Anyway, looking forward to hearing the homeopaths answer the others. Especially the one about how the water memory works after the water has evaporated.

  6. Simon

    From my encounters with homeopaths they give answers to these questions in the form of: “Because energy”, or “Quantum water memory” or “Love is the basis of the Universe and that’s how the water knows which chemical to remember” or other pseudo-scientific arguments. In other words, they cannot afford to have intellectual honesty, because that would mean that they should abandon their homeopathic views which are obviously very comforting for them (either through habits of thought, or actual reinforcement from the surroundings – some make money, other join groups and feel a sense of belonging, others are very sick and need to hold on to a delusional idea, etc.). It also means that they have to spend extra energy to understand real science, which is a painful process if you are brought up to believe in bullshit. The solution as I see it would be to educate children in science and to think critically for themselves from an early age.

  7. Greg Smith

    All very good questions. But homeopaths would only be interested in discussing these if they actually *cared* whether homeopathy really worked. From all I’ve seen, they don’t care at all, they just believe. You might as well try to discuss geology with Ken Ham.

    1. Mark

      You are quite right. This is the sort of response I’ve had.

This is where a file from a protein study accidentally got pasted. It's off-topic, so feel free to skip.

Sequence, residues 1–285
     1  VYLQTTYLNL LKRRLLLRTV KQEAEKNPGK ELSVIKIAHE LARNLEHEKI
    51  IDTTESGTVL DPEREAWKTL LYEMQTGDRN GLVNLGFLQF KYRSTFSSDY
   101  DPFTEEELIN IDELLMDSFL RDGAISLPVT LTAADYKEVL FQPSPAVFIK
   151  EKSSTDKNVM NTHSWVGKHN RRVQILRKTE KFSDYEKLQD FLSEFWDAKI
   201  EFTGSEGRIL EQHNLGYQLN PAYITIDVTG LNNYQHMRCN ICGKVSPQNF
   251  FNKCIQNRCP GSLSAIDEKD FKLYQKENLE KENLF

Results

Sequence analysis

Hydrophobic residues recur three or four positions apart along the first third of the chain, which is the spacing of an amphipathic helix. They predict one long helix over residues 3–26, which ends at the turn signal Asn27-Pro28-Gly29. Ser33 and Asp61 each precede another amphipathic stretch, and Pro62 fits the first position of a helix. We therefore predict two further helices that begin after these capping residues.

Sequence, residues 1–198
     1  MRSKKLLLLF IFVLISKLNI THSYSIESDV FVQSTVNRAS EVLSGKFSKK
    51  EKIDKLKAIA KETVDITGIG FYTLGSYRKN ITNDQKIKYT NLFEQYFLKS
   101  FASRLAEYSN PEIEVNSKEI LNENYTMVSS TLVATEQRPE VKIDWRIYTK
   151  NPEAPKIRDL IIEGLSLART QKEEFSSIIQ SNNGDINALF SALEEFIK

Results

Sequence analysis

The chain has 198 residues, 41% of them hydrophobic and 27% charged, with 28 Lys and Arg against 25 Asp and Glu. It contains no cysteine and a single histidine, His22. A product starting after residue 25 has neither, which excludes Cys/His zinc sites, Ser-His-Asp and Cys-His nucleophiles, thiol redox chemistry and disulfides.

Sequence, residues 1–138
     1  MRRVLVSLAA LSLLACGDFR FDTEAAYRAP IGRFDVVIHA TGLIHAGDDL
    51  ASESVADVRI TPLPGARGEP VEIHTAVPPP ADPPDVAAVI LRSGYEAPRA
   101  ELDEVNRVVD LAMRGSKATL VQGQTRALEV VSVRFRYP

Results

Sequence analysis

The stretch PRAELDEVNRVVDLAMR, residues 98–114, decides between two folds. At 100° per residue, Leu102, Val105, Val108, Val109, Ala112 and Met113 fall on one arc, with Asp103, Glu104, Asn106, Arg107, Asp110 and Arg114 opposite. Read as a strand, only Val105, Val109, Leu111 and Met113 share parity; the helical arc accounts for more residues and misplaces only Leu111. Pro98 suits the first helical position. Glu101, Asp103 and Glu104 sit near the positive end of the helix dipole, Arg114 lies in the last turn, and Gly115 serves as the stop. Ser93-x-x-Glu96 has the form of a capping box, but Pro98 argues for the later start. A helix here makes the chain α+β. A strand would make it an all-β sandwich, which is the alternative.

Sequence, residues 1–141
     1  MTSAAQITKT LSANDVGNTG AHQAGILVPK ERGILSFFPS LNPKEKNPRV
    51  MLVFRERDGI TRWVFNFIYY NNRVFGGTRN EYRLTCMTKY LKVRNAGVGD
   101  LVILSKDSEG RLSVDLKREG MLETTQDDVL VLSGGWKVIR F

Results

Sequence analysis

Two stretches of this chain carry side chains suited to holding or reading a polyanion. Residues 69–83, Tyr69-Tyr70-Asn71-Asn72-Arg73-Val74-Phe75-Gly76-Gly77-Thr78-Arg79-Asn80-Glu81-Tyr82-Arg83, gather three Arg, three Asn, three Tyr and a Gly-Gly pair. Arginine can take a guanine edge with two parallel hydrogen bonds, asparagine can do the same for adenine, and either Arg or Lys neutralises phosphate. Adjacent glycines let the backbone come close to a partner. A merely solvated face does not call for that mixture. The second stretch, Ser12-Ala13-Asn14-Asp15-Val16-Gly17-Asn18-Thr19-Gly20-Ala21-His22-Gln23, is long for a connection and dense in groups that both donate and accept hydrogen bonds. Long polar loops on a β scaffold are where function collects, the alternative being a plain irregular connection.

Which I think translates as
      “with skeptics if they have questions seeking information , We have much work and is published .”

      So I guess we can just replace the world ‘skeptics’ with ‘homeopaths’ and throw it right back.

  8. JimS

    Mark, thank you for writing this. Several of your questions are better than any which I have written. This blog will be added to my reference materials.

    It is disturbing to contemplate the abjectly oblivious beliefs, or the knowing & willing acceptance of ideology, which allows so many to accept massive amounts of homeopathic preparations of poop – dog, fish, bird, human, bacterial, et al. poop.

  9. S.

    Just one remark on this: homeopathic drugs can cause side-effects just as conventional drugs do! So if a person who never read the prescription-paper and just followed the doc´s instructions on taking the homeopathic drug gets side effects visible on the skin or something like that… how would you explain that? sugar allergies?

  10. And

    What you believe what you take does can have a strong effect on your physiology whether it’s a positive placebo or a negative nocebo effect.

    http://www.smithsonianmag.com/science-nature/what-is-the-nocebo-effect-5451823/

  11. David

    I always wonder when homeopathic water stops remembering all the other things it has been in contact with in the past.

  12. Dirk

    If I dissolve 150 mg of MDMA in a glass of water (250 ml) and make a 20C solution will I die of MDMA overdose? No! Why then does it supposedly work with medicines.

    1. Mike

      It’s actually been a poor student practice of mine for many years, watering down the keg to one jug of beer and 1,000,000,000,000,000,000,000,000,000,000,000,000,000,000,000,000,000,000,000,000 litres of water,so that I can get people drunk on the cheap (some argue this is a negative effect of the chemical alcohol that we should be attempting to eliminate; I on the other hand ‘believe’ that intoxication is the positive medicinal effect that I am attempting to spread).

      I have been considering engaging in a similar practice with THC oil… but I don’t really want to get done for distribution of narcotics.